Brokers ‘can’t put their heads in the sand’ on insurtech

Brokers ‘can’t put their heads in the sand’ on insurtech

Brokers ‘can’t put their heads in the sand’ on insurtech A major global ranking has listed twice as many insurtech companies as last year and brokers have been warned they cannot afford to bury their heads in the sand when it comes to tech.

The Fintech 100, complied by KPMG Fintech and investment firm H2 Ventures, listed 12 insurtech companies, compared with 7 in 2015 and 0 in 2014 as the market continues to grow and develop.

The ranking also found that four of the top five fintech businesses are based in Asia Pacific with the list headed by Chinese firm Ant Financial with Quindan in second and United States-based health insurance start-up Oscar rounding out the podium.

Martin Blake, NSW chairman of KPMG and global head of fintech in insurance, said that as insurtech “continues to climb,” brokers “can’t put their heads in the sand” as traditional relationships change.

“We’re certainly seeing that the century-old relationship between customer and broker is starting to be disrupted by technology and, obviously, aggregators,” Blake told Insurance Business.

“But at the big end of town, the large brokers … their business has not been disrupted because they’re dealing with more commercial risks. We will potentially see, over time, that business is materially going to change.”

Blake said that both brokers and insurers will need to analyse their businesses as insurtech changes continue to take hold. The industry can look to different ways to harness the technological changes gripping the market.

“They’ve [brokers] really got to explore the art of the possible and engage with some of these technology companies which can enhance their service offering and enable them to reinvent themselves and be relevant,” Blake continued.

“It really does provide them with an opportunity to materially improve risk assessment with massive amounts of data from Internet of Things devices, and also improve the customer satisfaction and engagement process [by] having greater transparency for the underwriting and also rating process.”

Chinese firm ZhongAn was the highest placed insurtech business for the region.

Global co-lead of KPMG's Fintech practice, Ian Pollari, added that the list highlights the power of disruption across the financial services industry.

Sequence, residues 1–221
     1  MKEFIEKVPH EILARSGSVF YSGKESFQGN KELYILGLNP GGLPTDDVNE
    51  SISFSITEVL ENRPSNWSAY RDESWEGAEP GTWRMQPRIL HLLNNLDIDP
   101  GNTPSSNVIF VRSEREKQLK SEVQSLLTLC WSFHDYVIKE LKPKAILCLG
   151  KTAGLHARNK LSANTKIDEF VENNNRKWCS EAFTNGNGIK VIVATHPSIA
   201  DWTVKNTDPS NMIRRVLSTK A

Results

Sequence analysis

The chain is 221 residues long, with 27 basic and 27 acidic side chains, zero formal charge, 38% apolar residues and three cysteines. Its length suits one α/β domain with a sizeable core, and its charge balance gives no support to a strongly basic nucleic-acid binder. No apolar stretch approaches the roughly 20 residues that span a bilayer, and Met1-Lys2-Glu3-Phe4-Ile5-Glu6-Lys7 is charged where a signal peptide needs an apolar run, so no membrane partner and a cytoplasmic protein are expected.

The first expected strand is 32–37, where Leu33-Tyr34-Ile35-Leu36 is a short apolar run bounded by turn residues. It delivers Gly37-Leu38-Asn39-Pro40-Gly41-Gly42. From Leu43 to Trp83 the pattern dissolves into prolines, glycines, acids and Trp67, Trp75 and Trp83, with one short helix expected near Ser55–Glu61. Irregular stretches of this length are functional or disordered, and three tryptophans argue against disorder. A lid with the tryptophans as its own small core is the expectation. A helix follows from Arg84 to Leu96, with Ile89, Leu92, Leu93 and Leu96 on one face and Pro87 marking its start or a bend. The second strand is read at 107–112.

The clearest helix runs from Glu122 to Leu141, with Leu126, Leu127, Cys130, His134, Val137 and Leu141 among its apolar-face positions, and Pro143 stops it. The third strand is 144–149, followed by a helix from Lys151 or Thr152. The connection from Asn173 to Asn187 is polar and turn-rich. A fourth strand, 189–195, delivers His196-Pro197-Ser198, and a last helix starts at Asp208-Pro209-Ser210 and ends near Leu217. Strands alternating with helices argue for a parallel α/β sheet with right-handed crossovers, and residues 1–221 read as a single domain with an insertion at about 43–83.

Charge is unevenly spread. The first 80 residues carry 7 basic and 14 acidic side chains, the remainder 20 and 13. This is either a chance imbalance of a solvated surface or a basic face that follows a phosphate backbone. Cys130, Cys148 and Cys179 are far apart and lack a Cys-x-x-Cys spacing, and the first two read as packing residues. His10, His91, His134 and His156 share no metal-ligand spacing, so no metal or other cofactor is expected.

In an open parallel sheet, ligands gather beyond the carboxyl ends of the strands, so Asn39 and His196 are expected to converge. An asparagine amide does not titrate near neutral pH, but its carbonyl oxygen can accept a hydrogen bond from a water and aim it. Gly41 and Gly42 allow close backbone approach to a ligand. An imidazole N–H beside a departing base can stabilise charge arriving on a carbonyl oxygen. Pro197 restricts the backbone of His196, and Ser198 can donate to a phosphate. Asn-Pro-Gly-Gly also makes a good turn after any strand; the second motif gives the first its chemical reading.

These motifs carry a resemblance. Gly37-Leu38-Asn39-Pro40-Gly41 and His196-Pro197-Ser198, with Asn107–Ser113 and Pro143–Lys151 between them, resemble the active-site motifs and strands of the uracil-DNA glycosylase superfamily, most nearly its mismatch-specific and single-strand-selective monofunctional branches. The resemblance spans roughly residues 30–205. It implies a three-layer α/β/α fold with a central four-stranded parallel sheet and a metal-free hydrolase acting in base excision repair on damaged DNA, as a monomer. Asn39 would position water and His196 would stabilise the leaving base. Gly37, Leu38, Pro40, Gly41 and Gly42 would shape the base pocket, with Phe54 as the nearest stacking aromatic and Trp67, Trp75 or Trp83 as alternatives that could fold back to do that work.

"One of the striking features of this year's list is the growing success of fintech disruptors, with more than 90 percent of the top 50 ventures challenging incumbents or traditional business models,” Pollari said.

“These disruptors are increasingly attracting a greater share of capital, raising more than 65 percent of total global fintech investment over the past year."

The Top 10 companies in the Fintech 100 2016:
  1. Ant Financial - China
  2. Qudian (Qufenqi) - China
  3. Oscar - USA
  4. Lufax - China
  5. ZhongAn - China
  6. Atom Bank - UK
  7. Kreditech - Germany
  8. Avant - USA
  9. Sofi - USA
  10. JD Finance - China

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1 Comments
  • Gareth Jones gareth@b2bi.com.au 31/10/2016 8:02:15 PM
    Insurtech is manifesting itself as an "emerging risk" for the Insurance industry and its (Insurtechs) failings are ensuring the longevity of the traditional Broker/Client relationship.
    As a Broker with 40 years experience in this industry I have never seen a more positive outlook for the traditional insurance broker role.
    The "push" by Insurers and some broking houses to encourage their clients to complete their business insurance on-line is resulting in large numbers of customers with policies that do not properly embrace all of their business activities.
    Almost on a weekly basis I am talking to new customers who have completed their business insurance directly on-line only to discover, either at the time of a request for a certificate of insurance or a claim, that the policy they arranged does not cover them for their occupation.
    The problem stems from the fact that no one business is identical and on-line questionnaires are incapable of scooping sufficient information to properly understand the risks that are being proposed.
    Here are two examples of the pitfalls of online business insurance purchases:
    Example 1)
    Client buys various components of a dolls house from local suppliers. Each component part is packaged by the client who then sells the package, on-line, as a kit for assembly by the purchaser.
    The client completes insurance on-line describing their business as "Toy Retailers". They are in fact manufacturers with a significant product liability exposure.
    Example 2)
    Client makes canvas awnings,umbrellas and covers for utility (motor vehicle) trays. He describes his business as a canvass goods manufacturer and the insurers on-line occupations list provides a perfect match.
    The problem is that the client also installs the awnings and fits the covers to the motor vehicles.
    The statement “They’ve [brokers] really got to explore the art of the possible and engage with some of these technology companies which can enhance their service offering and enable them to reinvent themselves and be relevant" is a recipe for Professional Indemnity claims because without personal verbal interaction, complete and thorough disclosure is just not possible.
    Insurers direct marketing business insurance lines are failing in their duty of care to their customers and ultimately the biggest loser will be their customers.
    Gareth Jones.
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